There are many who did their duty professionally, and we should mention that, as well. First, Specialist Joseph Darby, who alerted the appropriate authorities that abuses were occurring. Second, those in the military chain of command who acted promptly, on learning of those abuses, by initiating a series of investigationscriminal and administrative to assure that abuses were stopped and that the responsible chain of command was relieved and replaced.

Having said that, all the facts that may be of interest are not yet in hand. In addition to the Taguba Report, there are other investigations underway, and we'll be discussing those today. Because all the facts are not in hand, there will be corrections and clarificaFrom the witnesses, you will be told the sequence of events and investigations that have taken place since the activities first came to light. I want to inform you of the measures underway to improve our performance in the future.

Before I do that, let me say that each of us at this table is either in the chain of command or has senior responsibilities in the DOD. This means that anything we say publicly could have an impact on the legal proceedings against those accused of wrongdoing in this matter. So please understand that if some of our responses to questions are measured, it is to assure that pending cases are not jeopardized by seeming to exert command influence, and that the rights of any accused are protected.

Now, let me tell you the measures we're taking to deal with this issue. First, to ensure we have a handle on the scope of this catastrophe, I will be announcing today the appointment of several senior former officials who are being asked to examine the pace, the breadth, the thoroughness of the existing investigations, and to determine whether additional investigations or studies need to be initiated. They're being asked to report their findings within 45 days of taking up their duties. I'm confident that these distinguished individuals will provide a full and fair assessment of what has been done thus far, and recommend whether further steps may be necessary.

(Clarifying information provided by the DOD follows:] Charter for Independent Panel to Review DOD Detention Operations was signed on May 12, 2004. It allots a timeframe to provide advice "preferably within 45 days” after beginning the review. The panel has announced that it will present its final report on August 18, 2004, with the caveat that it could be modified at a later date to reflect the results of reports or investigations completed after that date.

Secretary RUMSFELD. Second, we need to review our habits and our procedures. One of the things we've tried to do in the DOD since September 11 is to try to get the Department to adjust our procedures and processes to reflect that we're in a time of war and that we're in the information age. For the past 3 years, we've looked for areas where adjustments were needed, and we've made a great many adjustments. Regrettably, we've now found another area where adjustments may be needed.

Let me be clear. I failed to recognize how important it was to elevate a matter of such gravity to the highest levels, including the President and the Members of Congress.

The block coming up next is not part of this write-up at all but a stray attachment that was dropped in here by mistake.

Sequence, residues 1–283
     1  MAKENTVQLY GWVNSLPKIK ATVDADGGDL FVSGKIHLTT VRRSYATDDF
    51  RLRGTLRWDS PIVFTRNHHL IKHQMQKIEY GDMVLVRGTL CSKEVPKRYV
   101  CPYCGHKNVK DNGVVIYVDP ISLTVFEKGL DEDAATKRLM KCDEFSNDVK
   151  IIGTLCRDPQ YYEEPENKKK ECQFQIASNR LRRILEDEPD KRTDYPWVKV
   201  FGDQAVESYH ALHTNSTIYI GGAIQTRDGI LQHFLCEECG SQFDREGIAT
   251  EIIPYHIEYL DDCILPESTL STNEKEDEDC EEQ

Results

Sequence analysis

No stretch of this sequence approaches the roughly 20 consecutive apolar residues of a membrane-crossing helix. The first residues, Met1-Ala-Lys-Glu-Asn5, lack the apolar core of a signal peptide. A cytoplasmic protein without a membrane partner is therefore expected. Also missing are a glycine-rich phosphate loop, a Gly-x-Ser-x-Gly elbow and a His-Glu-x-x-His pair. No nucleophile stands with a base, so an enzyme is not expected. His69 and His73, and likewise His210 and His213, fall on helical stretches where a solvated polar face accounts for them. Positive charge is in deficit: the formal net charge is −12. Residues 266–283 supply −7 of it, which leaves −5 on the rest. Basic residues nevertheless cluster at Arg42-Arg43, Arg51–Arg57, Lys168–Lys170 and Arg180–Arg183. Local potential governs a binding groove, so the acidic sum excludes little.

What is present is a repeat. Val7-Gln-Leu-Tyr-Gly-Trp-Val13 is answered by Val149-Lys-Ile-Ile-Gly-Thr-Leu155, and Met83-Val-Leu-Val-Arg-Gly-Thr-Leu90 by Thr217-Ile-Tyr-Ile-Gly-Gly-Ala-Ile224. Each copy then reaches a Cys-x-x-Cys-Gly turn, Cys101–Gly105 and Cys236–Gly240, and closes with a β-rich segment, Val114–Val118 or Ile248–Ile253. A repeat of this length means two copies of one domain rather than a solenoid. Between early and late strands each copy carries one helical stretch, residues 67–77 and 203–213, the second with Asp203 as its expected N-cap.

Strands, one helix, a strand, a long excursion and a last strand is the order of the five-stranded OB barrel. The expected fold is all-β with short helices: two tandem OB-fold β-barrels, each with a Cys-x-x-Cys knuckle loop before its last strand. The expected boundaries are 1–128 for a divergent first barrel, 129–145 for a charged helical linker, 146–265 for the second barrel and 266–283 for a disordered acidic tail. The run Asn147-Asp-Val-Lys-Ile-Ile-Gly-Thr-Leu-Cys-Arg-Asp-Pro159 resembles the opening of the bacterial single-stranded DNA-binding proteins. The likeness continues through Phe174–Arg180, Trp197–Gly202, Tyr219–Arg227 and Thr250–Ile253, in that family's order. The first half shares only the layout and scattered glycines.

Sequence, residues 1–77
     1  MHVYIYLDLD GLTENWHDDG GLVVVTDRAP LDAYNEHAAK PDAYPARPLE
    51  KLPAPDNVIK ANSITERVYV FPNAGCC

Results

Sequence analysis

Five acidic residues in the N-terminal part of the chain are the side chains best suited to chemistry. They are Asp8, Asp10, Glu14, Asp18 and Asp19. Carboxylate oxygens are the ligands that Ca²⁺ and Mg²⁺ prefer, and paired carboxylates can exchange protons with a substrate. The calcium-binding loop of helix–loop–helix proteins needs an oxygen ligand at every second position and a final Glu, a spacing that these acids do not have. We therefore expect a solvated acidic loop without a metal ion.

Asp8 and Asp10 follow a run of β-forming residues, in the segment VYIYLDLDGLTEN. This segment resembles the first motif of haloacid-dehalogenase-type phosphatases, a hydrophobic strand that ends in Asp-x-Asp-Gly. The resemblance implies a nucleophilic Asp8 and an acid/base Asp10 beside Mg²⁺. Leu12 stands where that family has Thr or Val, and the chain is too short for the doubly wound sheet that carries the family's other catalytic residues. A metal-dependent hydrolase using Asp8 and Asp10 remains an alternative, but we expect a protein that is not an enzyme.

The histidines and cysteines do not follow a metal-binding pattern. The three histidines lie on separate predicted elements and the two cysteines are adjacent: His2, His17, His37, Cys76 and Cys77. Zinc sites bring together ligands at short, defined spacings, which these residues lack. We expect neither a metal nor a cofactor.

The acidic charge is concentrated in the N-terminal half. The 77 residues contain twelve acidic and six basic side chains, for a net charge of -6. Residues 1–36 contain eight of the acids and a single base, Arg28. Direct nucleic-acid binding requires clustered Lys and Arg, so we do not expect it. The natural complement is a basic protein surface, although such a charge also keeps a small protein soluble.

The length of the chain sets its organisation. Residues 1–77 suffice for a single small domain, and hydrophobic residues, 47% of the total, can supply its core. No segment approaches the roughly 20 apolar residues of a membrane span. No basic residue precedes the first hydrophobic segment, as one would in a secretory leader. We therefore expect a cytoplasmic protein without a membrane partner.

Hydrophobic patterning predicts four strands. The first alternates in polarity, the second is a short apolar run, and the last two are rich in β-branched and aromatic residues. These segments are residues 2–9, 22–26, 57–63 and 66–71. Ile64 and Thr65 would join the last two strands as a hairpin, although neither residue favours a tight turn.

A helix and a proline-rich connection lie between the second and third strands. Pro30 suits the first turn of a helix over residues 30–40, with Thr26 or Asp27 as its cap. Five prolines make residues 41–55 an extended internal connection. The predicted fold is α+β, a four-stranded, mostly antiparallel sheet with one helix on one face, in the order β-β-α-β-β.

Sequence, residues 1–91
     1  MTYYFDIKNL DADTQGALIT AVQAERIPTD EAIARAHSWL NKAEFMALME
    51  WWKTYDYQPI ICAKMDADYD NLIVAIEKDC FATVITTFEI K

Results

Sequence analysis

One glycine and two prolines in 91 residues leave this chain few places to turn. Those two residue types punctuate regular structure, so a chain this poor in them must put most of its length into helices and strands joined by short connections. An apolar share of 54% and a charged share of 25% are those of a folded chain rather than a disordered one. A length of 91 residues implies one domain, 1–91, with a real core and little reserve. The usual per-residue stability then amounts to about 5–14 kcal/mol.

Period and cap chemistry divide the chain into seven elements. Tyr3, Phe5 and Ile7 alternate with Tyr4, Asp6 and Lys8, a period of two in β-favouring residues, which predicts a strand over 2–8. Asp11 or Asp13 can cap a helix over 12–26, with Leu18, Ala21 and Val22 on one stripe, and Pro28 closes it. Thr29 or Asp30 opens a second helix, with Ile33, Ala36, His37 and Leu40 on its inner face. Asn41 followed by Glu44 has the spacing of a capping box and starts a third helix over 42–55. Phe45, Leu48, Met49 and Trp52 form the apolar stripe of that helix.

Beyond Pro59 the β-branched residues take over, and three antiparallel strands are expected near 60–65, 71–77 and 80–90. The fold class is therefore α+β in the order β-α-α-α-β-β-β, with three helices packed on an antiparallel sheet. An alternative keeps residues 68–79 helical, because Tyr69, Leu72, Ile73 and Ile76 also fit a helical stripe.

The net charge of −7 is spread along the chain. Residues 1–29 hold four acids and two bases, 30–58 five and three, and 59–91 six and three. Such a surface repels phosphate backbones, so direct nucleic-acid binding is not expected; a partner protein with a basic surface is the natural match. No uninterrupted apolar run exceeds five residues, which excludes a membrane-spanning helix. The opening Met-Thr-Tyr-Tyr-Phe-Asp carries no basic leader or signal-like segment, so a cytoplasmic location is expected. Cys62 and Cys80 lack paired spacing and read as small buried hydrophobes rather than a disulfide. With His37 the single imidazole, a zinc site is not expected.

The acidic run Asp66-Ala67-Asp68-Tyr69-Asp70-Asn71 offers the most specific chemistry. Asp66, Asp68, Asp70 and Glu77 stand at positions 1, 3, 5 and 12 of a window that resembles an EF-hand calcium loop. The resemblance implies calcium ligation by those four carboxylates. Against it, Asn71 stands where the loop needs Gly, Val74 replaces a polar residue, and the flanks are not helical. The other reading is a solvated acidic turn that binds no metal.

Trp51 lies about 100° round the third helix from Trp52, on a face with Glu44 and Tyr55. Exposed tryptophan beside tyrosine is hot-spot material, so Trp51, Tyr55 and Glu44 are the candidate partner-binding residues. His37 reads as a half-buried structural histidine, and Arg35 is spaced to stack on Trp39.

Third, I'm seeking a way to provide appropriate compensation to those detainees who suffered such grievous and brutal abuse and cruelty at the hands of a few members of the United States Armed Forces. It's the right thing to do.

I wish we had known more, sooner, and been able to tell you more, sooner. But we didn't. Today, we'll have a full discussion of these terrible acts, but first let's take a step back for a moment. Within the constraints imposed on those of us in the chain of command, I have a few additional words.

First, beyond abuse of prisoners, there are other photos that depict incidents of physical violence towards prisoners, acts that can only be described as blatantly sadistic, cruel, and inhuman. Second, there are many more photographs and, indeed, some videos. Conknow this. In addition, the photos give these incidents a vividness-indeed, a horror-in the eyes of the world. Mr. Chairman, that's why this hearing today is important. That's why the actions we take in the days and weeks ahead are so important.

However terrible the setback, this is also an occasion to demonstrate to the world the difference between those who believe in democracy and in human rights, and those who believe in rule by terrorist code. We value human life. We believe in individual freedom and in the rule of law. For those beliefs, we send men and women of the Armed Forces abroad to protect that right for our own people and to give others, who aren't Americans, the hope of a future of freedom. Part of that mission, part of what we believe in, is making sure that when wrongdoings or scandals do occur, that they're not covered up, but they are exposed, they are investigated, and the guilty are brought to justice.

Mr. Chairman, I know you join me today in saying to the world, "Judge us by our actions. Watch how Americans, watch how a democracy, deals with wrongdoing and with scandal and the pain of acknowledging and correcting our own mistakes and our own weaknesses."

After they have seen America in action, then ask those who teach resentment and hatred of America if our behavior doesn't give the lie to the falsehood and the slander they speak about our people and about our way of life. Ask them if the resolve of Americans in crisis and difficulty and, yes, in the heartbreak of acknowledging the evil in our midst, doesn't have meaning far beyond their hatred.

Above all, ask them if the willingness of Americans to acknowledge their own failures before humanity doesn't light the world as surely as the great ideas and beliefs that made this Nation a beacon of hope and liberty for all who strive to be free.